One of the mysteries of the English language finally explained.
Not resembling or having the qualities of a human being.
- ‘In fact, he's the most unhuman person I've ever met: he had the presence of a deity descended from a cloud.’
- ‘The passage of time makes these men seem unhuman.’
- ‘She blinked at me and yawned in a very unhuman way that bared her sharp teeth.’
- ‘The piano is equipped with a disklavier, a computer system which can ‘play’ the piano normally or with quite unhuman abilities.’
- ‘She whispered to me, her voice almost unhuman, lulling.’
- ‘The very human frontal face of the bellows worker, for instance, is contradicted by the unhuman frontal masks hanging on the wall of the foundry.’
- ‘There was something distinctly unhuman about the man who had just walked through that door, of that she had been certain.’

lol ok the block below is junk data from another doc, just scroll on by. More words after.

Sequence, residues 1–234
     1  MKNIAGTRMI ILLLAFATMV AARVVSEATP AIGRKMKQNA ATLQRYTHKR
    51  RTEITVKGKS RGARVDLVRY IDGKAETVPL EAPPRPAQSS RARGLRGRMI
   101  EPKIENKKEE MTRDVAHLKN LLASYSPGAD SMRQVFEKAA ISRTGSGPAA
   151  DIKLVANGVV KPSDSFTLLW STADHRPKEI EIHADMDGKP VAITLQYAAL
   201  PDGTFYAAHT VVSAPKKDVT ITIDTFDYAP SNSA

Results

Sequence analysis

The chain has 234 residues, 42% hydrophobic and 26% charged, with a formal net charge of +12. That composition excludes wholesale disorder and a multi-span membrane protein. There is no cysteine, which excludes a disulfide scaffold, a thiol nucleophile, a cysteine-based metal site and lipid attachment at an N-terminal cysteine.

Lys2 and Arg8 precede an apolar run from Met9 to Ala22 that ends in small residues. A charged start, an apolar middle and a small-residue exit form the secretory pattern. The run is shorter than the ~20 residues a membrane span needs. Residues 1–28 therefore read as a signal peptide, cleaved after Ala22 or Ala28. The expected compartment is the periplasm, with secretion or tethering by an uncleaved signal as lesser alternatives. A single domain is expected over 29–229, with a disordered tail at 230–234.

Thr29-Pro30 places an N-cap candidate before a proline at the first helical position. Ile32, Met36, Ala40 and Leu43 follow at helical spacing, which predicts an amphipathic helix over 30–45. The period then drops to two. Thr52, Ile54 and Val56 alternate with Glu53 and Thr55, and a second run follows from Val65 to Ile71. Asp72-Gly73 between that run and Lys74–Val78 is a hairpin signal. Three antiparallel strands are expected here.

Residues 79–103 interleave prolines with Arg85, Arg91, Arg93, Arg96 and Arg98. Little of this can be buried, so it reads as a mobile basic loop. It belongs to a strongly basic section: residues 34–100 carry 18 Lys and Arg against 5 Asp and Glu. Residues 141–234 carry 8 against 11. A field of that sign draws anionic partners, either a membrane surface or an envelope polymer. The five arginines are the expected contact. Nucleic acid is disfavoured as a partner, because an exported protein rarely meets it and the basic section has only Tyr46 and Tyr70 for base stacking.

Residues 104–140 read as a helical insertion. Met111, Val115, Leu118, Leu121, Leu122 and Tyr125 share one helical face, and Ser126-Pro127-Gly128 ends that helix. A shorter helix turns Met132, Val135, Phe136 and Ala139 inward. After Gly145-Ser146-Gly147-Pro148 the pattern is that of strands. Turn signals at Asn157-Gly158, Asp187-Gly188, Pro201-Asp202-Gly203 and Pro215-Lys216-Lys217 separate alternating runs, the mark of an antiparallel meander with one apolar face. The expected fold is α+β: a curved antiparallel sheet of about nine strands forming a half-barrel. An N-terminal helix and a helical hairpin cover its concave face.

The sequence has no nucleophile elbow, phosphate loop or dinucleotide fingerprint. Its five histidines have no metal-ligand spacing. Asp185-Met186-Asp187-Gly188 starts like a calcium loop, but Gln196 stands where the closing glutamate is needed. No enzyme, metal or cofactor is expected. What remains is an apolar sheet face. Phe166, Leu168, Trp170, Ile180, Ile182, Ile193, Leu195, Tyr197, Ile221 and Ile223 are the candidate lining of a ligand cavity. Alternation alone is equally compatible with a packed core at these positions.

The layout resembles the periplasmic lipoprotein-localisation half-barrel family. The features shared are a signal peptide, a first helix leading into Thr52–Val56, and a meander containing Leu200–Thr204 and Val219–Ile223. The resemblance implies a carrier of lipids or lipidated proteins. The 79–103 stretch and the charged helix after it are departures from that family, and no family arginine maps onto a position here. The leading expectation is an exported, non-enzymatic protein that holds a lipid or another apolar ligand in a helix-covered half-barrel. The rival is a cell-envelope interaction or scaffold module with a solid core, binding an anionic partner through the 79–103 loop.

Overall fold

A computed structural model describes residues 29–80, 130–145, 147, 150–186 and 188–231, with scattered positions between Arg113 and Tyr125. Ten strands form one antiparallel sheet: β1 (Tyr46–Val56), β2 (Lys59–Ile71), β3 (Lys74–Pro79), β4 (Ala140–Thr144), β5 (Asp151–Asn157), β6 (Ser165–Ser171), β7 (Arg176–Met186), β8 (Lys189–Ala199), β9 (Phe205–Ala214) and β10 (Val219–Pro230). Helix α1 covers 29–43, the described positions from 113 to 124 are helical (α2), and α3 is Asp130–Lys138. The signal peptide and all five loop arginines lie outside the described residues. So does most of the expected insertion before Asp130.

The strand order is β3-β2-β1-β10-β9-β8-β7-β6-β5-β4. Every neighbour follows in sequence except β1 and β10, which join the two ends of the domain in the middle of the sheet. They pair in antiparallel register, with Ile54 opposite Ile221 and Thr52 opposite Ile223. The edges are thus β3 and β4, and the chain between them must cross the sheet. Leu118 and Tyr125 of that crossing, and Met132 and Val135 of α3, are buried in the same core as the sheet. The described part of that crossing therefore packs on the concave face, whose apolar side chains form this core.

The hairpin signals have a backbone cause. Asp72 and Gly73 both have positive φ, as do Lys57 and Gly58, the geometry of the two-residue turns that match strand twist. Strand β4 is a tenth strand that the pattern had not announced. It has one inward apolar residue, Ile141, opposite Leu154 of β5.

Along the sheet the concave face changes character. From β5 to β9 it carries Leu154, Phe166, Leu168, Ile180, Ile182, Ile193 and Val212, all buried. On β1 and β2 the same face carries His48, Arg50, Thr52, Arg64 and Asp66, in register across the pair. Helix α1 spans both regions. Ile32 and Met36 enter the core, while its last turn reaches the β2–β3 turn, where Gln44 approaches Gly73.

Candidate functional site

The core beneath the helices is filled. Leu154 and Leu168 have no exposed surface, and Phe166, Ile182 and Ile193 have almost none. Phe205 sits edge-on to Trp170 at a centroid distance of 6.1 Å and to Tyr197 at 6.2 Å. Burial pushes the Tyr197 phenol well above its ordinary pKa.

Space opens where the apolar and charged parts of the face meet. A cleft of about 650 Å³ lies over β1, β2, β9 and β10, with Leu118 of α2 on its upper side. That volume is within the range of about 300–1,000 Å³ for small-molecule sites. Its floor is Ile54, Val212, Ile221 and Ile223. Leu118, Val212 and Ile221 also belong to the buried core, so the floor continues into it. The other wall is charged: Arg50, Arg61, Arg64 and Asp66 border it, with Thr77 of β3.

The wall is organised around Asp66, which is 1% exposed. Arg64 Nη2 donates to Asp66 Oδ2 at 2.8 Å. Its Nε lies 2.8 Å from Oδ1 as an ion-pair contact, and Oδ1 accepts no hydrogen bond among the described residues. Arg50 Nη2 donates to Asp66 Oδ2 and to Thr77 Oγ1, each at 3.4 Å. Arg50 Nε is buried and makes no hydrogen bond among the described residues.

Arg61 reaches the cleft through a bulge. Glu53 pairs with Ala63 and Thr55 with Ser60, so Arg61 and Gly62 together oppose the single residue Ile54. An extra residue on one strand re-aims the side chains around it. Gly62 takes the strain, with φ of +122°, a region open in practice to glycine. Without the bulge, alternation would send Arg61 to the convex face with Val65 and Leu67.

- ‘He was cut off by a frightening noise: an unhuman, ear-shattering scream of terror and pain.’
- ‘There is something unhuman about the despair of such minimal techno and at the same time something completely at the limit of our rationality, at the touch of our animality and at what makes us the human animal.’
- ‘I know I am something unhuman, something supernatural.’
- ‘I don't think that he really knew that he was pulling me along at an unhuman speed.’
- ‘With unhuman speed, he got out of the community unnoticed.’
- ‘I've often argued that artificial intelligence is best when it remains slightly unhuman and slightly alien, because that's when it most contributes to our lives.’
- ‘Dixon's capacity for work seemed positively unhuman to Watt: ‘He prepares a case and argues it extremely well, whatever his particular personal views.’’
- ‘Like lots of people said it was unhuman for Jordan to yell at the manager in the restaurant like that.’
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